review by . August 10, 2010
posted in Movie Hype
There is a reason we are all put on this planet   some of  us have not found those reasons while others have discovered the reasons  earlier than most and chases after them until they can firmly hold the power they are meant to have in the palm of there hands. Some are meant to be doctors, some are meant to be lawyers, some are meant to be cops, bank mangers, soldiers,  politicians, historians, film directors, screen play writers, film critics, novelists  the list …
review by . March 15, 2011
I remember walking around NYC during the spring of 2009 and seeing bright orange and yellow signs taped to various parking signs and lamp poles notifying drivers that there is no parking on that given street due to a production shooting in the area.  I had seen the signs before, but these were different and I wanted nothing more than to try and find some way to be a part of it.  So after a week of seeing these various signs around I decided that the next time I was available …
Quick Tip by . December 09, 2010
Inventive special effects and solid acting, but the standard reluctant-hero-saves-the-world story could have used some polishing. Nicolas Cage and Jay Baruchel are great together, by the way!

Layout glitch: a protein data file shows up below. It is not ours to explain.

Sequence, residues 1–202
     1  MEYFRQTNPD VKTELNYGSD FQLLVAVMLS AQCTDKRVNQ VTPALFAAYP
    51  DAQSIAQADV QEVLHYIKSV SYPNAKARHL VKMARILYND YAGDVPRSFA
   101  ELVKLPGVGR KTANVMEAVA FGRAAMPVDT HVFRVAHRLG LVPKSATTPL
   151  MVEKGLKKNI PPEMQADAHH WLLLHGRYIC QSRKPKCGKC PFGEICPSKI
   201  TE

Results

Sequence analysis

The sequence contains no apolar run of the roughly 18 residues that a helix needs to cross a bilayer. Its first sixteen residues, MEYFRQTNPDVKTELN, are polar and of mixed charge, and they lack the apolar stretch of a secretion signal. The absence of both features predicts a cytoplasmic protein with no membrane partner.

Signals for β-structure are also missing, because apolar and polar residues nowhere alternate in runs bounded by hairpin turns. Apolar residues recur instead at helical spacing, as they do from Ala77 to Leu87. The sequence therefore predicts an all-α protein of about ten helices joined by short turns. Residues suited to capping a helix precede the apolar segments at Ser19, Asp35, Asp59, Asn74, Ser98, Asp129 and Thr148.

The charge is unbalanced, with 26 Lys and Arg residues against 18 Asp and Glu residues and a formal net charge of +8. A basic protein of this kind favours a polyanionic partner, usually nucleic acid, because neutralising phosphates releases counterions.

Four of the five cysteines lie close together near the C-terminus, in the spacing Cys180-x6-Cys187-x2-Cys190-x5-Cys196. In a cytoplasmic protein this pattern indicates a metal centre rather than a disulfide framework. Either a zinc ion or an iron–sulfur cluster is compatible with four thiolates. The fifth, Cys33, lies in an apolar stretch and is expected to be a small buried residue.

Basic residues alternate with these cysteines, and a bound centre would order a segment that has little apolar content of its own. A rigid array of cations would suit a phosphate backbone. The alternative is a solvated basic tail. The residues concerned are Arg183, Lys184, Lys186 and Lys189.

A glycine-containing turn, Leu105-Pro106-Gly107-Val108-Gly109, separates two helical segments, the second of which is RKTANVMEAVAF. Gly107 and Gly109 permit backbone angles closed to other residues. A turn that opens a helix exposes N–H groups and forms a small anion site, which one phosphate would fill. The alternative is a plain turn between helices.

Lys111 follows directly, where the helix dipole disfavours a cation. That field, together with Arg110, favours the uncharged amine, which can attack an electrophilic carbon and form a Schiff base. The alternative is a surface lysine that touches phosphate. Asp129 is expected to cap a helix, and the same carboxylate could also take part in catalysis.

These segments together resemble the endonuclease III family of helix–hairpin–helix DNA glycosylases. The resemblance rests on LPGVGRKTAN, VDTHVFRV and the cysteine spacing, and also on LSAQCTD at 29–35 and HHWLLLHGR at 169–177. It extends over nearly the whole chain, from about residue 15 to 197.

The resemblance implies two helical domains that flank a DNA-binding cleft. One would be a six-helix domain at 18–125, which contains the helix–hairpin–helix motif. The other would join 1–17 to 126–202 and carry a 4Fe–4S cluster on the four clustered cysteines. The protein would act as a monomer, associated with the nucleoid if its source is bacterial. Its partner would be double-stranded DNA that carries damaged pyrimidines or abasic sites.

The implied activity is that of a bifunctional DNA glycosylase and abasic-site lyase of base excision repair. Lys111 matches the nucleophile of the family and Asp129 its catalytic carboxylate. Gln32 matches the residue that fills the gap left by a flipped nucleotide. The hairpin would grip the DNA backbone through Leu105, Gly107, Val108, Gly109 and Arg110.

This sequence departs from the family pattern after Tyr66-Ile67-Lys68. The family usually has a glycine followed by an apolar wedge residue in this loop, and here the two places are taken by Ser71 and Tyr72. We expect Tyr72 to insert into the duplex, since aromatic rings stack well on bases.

Quick Tip by . August 16, 2010
posted in Movie Hype
Imaginative, humerus, fats paced and at times witty however that alone is not able to completely able to save this semi-satisfying action-adventure fantasy comedy from being better than it should be but less that it could have been. "The Sorcerer's Apprentice" however has one redeeming quality it is extremely enjoyable and highly entertaining however, as entertaining as it might be it is not enough to save it from lacking true movie magic.
About the reviewer
Chris Pandolfi ()
Growing up a shy kid in a quiet suburb of Los Angeles, Chris Pandolfi knows all about the imagination. Pretend games were always the most fun for him, especially on the school playground; he and his … more
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About this movie